It’s All In The Hips

Uno, dos, tres, cuatro!

The cha cha is made up of three dance steps.

Much like the history and food of any heritage, music plays an enormously large role in Hispanic culture. Shows like Dancing With The Stars have educated audiences all over about the different styles of ballroom and Latin dances and how different, yet similar they are in musicality and form. While ballroom is about elegance, grace and perfect posture, Latin dances are about passion, fire and fun music to fuel each move from the toes to the hips and all the way up to the shoulders.

Read our basic history of Latin dances and see which class you’d enjoy taking for yourself at your local dance studio.

Cha Cha

Also called the Cha Cha Cha, this Cuban-born dance is all about quick feet. A set of three steps moving rapidly backward and forward gives the dance its name since many dancers count out the steps as “cha cha cha.”


A dance of romance, the Rumba has roots in Cuba and consists of two quick steps and a third, slower step that takes two beats to execute. Dancers use a box-like pattern to guide their movements and use slow, romantic steps with a focus on hip movements when it comes to choreography.


Heading over to the islands, the Salsa originated in the Caribbean, even though it has a strong African influence. A fun and lively dance for couples, the Salsa centers on a four-beat combination of two quick steps and a slow step with a pause or tap.


The samba is a colorful dance with elaborate costumes.

Brazilian in origin and executed in many different forms, the Samba is one of the most well-known Latin dances, especially for its role during Carnival. While individual dancers can dress in colorful costumes and perform, the dance is also for couples.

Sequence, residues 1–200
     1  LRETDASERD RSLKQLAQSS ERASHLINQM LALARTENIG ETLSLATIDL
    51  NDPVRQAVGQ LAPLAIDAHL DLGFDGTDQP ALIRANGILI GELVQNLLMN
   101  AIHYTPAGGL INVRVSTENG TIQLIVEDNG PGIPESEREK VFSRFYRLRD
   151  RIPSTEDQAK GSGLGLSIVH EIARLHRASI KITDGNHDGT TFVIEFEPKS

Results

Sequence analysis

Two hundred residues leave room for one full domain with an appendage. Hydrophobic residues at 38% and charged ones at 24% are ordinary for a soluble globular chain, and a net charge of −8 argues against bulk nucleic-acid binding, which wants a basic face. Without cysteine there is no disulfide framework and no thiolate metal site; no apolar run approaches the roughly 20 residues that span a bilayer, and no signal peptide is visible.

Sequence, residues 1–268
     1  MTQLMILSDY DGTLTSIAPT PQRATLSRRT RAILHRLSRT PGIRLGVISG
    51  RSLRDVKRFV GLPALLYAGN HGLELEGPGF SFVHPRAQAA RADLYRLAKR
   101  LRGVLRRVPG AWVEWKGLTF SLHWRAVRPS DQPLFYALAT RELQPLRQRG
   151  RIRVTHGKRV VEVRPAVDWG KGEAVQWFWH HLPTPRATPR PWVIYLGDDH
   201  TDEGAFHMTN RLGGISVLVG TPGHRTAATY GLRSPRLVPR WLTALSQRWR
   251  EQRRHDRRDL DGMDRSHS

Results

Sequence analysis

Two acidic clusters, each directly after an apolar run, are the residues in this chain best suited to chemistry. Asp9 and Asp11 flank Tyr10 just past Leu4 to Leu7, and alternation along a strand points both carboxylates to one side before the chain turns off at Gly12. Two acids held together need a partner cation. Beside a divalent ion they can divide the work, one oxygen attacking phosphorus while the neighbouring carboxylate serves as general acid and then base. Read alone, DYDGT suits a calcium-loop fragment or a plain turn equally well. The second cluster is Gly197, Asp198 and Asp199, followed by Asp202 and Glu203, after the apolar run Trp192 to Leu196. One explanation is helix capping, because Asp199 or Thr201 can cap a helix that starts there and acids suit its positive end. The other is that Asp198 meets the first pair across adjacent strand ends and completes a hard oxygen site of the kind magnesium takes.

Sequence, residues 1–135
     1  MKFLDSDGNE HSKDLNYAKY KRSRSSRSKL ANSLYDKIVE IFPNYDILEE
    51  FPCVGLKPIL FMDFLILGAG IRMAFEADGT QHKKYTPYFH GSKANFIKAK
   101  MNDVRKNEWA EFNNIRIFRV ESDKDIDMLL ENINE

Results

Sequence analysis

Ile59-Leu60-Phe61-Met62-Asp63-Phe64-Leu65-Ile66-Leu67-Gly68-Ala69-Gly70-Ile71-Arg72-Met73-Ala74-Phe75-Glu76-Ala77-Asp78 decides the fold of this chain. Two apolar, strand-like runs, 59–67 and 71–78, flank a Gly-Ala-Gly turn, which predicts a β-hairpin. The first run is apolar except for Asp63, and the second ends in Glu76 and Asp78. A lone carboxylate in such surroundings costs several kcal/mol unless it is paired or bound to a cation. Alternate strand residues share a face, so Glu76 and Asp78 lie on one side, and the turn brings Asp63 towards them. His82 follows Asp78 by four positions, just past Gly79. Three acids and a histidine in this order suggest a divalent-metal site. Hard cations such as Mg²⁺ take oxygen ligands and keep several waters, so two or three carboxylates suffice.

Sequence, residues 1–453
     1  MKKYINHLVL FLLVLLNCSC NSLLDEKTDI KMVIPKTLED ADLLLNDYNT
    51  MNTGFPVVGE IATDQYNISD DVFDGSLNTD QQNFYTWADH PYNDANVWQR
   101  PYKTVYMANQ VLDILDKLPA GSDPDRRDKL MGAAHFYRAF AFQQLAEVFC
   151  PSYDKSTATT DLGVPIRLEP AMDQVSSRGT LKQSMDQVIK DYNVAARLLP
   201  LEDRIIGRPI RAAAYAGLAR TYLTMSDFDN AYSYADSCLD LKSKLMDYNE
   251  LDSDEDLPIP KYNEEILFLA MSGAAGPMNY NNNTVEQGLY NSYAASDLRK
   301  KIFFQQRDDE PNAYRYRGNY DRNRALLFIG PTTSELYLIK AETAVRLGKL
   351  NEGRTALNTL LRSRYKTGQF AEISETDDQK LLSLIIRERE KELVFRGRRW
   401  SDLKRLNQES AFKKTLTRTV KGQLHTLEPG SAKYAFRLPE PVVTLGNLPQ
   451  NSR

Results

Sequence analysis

The Tango (and Argentine Tango) is a dance of passion.

It takes two to tango. A dance of seduction born in Buenos Aires, this dance requires surgical precision when it comes to footwork, so a lot of practice is required. The Tango has been described as both irresistible and racy when it comes to choreography, adjectives that have mirrored the time in Argentina years ago. A dance that expresses grief, passion, national pride and celebration defines the Tango.

As for the Argentine Tango, a striking difference between that and ballroom tango is in the shape and feel of the embrace between the two dancers. Ballroom technique dictates that partners arch their upper bodies away from each other, while maintaining contact at the hip while the tango relies on stylized sensual moves, staccato foot steps, flexed knees and a highly focused connection between partners.


It began in Andalusia, Spain as a professionalized art-form based on the various folkloric music traditions of the southern part of the country. Flamenco is comprised of four elements: cante (voice), baile (dance), toque (guitar) and the Jaleo, which roughly translated means “hell raising.” The dance involves hand-clapping, foot stomping, shouts of encouragement and is enjoyed by spectators who often watch a couple perform in elaborate clothes, especially the woman, who can often be seen wearing an impressive ruffled, floor length gown.


The Mambo also originated in Cuba. Its signature move is a three-beat step moving forward and then backward while shifting weight from one foot to the other. One member of a dancing pair performs the backward motion while the other moves forward. What really gives the Mambo its style, though, is the hip-swaying action the weight shift creates.


As the official dance of the Dominican Republic, the Merengue is easy to learn, making it a great choice for those looking to embark on a journey through Latin dancing. Movement goes to the front, back and side when a couple dances together.

Paso Doble

This dance translates to “double step” in Spanish. While a version of the Paso Doble originated in Spain, it was the French who turned the moves into a couples dance, later influencing the Spanish. A dance of complex and challenging choreography with a story line of conquest between the matador and the cape, the male partner assumes the role of the matador in a bullfight, while the female dancer functions as his cape and his adversary. An intense number danced with fierce passion, exaggerated style costumes and a theatrical quality, the Paso Doble is always an emotional experience to dance and watch.

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Jennifer Fauci
Jennifer Fauci is the former managing editor of Long Island Weekly, Anton Media Group's award-winning special sections and Anton’s local magazines. Her passion for literature, travel and the arts lend to the unique content in her publications. In her time at Anton, she has received first place in the Folio Awards, second place for the NYPA awards and is the recipient of six PCLI awards.


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